The Public Prosecution Service of Northern Ireland issued its decision over prosecutions of British military personnel arising out of the events investigated in the Bloody Sunday Inquiry. Nineteen individuals had been reported for a range of potential offences including murder, attempted murder and wounding committed on 30 January 1972. However, in the end the PPS only decided it would be justifiable to proceed against one individual. The Director of Public Prosecutions for Northern Ireland, Stephen Herron said:
“It has been concluded that there is sufficient available evidence to prosecute one former soldier, Soldier F, for the murder of James Wray and William McKinney; and for the attempted murders of Joseph Friel, Michael Quinn, Joe Mahon and Patrick O’Donnell.
“In respect of the other 18 suspects, including 16 former soldiers and two alleged Official IRA members, it has been concluded that the available evidence is insufficient to provide a reasonable prospect of conviction. In these circumstances the evidential Test for Prosecution is not met.”
The press release explained that “The decisions announced today relate only to allegations of criminal conduct on Bloody Sunday itself. Consideration will now be given to allegations of perjury in respect of those suspects reported by police.”
In a Summary of Reasons, the PPS explained the criteria to be applied, including the evidential and public interest tests for prosecution, as well as the background of the Inquiry and the way the evidence, including that of the present suspects, had been gathered, the burden and standard of it, and the assurances given as to protection against self-incrimination.
The decision not unnaturally was met with disappointment by the victims and their families. The Irish Times reported that the “The Bloody Sunday families have vowed to continue their campaign for justice”, and there has been speculation that they might seek judicial review of the PPS’s decision. There have also been suggestions that the trial of Soldier F may have been prejudiced already, because of publicity given to remarks by cabinet ministers as to the legal status of acts by serving military personnel and their protection from prosecution in the future.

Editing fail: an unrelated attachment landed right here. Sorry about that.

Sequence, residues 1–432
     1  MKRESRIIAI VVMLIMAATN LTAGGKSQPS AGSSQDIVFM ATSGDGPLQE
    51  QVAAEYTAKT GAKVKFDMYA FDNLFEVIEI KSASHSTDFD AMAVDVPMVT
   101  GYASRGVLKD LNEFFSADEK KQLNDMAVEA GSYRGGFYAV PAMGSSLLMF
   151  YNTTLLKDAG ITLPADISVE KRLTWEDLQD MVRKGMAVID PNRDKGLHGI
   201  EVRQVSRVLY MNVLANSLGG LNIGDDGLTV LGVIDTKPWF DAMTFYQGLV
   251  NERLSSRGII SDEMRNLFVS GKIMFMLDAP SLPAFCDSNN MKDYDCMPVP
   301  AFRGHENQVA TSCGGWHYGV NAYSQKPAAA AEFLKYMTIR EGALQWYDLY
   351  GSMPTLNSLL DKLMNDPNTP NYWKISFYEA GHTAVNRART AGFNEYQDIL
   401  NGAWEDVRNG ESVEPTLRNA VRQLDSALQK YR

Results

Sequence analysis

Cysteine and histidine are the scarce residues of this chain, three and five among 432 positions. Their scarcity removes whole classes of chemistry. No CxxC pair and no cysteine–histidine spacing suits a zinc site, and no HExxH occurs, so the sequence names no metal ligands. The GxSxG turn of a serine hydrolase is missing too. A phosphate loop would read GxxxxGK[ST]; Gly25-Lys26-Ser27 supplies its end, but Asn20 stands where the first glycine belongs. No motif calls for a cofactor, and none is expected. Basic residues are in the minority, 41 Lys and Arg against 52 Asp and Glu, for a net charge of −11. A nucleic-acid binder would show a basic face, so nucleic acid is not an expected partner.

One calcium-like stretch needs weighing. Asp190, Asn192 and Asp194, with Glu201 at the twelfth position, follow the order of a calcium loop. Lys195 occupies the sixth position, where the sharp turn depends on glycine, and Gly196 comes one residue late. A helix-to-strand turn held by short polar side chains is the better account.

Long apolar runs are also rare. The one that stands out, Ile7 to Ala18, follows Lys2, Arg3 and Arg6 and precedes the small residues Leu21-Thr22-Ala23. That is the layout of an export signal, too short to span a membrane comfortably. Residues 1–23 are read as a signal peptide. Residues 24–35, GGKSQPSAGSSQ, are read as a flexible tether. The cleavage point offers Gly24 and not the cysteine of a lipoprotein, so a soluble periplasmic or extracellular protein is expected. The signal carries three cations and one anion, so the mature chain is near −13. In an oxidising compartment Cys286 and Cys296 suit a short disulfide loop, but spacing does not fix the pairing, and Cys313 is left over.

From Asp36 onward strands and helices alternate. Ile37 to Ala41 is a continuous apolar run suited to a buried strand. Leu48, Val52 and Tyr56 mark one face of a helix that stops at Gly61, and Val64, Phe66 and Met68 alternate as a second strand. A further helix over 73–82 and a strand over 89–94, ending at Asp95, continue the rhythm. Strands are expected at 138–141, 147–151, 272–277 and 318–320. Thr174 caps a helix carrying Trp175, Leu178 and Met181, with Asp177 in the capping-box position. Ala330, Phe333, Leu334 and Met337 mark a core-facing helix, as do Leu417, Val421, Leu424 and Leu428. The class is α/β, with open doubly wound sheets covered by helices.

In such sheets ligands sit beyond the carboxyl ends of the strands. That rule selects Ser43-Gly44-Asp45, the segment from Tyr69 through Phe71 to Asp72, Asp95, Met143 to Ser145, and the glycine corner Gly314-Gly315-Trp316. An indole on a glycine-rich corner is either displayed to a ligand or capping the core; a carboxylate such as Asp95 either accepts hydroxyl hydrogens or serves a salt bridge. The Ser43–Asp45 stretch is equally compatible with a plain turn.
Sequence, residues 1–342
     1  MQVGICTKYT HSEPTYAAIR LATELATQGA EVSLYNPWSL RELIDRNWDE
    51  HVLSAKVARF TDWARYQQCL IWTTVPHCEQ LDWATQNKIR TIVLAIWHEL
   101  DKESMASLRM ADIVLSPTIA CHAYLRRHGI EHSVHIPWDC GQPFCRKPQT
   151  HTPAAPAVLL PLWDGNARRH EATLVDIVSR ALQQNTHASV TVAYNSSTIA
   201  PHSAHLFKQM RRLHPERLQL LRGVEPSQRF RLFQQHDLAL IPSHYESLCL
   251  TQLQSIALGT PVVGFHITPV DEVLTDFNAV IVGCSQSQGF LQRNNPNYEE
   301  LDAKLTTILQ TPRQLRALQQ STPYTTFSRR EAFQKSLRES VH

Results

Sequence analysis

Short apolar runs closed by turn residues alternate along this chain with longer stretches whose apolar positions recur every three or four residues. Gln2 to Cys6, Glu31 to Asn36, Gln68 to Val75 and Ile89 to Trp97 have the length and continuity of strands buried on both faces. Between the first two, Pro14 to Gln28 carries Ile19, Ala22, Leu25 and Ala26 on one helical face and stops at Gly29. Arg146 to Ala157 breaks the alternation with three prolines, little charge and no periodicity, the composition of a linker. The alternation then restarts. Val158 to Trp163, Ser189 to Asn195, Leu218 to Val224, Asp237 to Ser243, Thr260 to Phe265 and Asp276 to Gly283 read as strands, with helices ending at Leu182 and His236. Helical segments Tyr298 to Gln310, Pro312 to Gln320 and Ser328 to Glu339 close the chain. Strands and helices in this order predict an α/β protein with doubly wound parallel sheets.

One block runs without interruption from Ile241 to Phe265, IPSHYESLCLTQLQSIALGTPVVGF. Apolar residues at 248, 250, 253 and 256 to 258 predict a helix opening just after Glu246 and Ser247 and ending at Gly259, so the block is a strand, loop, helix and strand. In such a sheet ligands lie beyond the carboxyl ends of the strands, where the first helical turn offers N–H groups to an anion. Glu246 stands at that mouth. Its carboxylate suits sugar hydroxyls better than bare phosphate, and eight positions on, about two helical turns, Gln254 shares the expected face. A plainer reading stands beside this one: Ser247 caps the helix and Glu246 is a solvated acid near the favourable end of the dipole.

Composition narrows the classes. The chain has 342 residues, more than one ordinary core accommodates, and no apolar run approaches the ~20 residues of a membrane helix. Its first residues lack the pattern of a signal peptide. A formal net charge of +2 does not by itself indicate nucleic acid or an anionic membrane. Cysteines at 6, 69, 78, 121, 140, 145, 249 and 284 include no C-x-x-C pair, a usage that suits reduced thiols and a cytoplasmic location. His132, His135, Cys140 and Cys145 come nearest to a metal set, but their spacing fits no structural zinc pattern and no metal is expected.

See Obiter J, Law and Lawyers, Rt. Hon. Karen Bradley MP and Northern Ireland Legacy issues
Violent crime strategies
The government has recently issued various forms of commitment to deal with violence. On 6 March, just ahead of International Women’s Day, the Home Office published its refreshed violence against women and girls (VAWG) strategy (first launched in 2016) in order to provide further support to victims and survivors of violent crime. This includes a cross-sector, end-to-end review into how rape and sexual violence cases are handled across the criminal justice system.
The following day the Home Office published its first cross-government position statement on male victims of VAWG-type crimes, which sets out the scale of abuse against men and the specific vulnerabilities they face. The Male Victims Position Statement sets out 12 specific commitments to better enable male victims and survivors to come forward and receive the support they need and bring perpetrators to justice. Minister for Crime, Safeguarding and Vulnerabilities, Victoria Atkins said:
“Men can, and do, suffer from crimes such as domestic and sexual abuse. It is a horrendous experience that often goes unrecognised and it is heartbreaking some men feel they cannot report their experiences because of societal views around masculinity.”
Finally, on 13 March the Treasury pledged a further £100 million funding to be made available to police forces in the worst affected areas in England and Wales for knife and violent crime. This was part of the Spring Statement from the Chancellor of the Exchequer, Philip Hammond. The funding will also be invested in Violence Reduction Units, bringing together a range of agencies including health, education, social services and others, to develop a multi-agency approach in preventing knife crime altogether. The units will be based on models used in Glasgow where homicide rates fell by 54% from 2006/07 to 2015/16. The announcement also pointed out:
“This is on top of the £970 million of additional money that policing is already due to receive from April 2019, including additional funding that the Chancellor announced at last year’s Budget. Police and crime commissioners have already committed to the recruitment and training of nearly 3,000 extra police officers. Longer-term funding for the police will be confirmed at this year’s Spending Review.”
Times Law Awards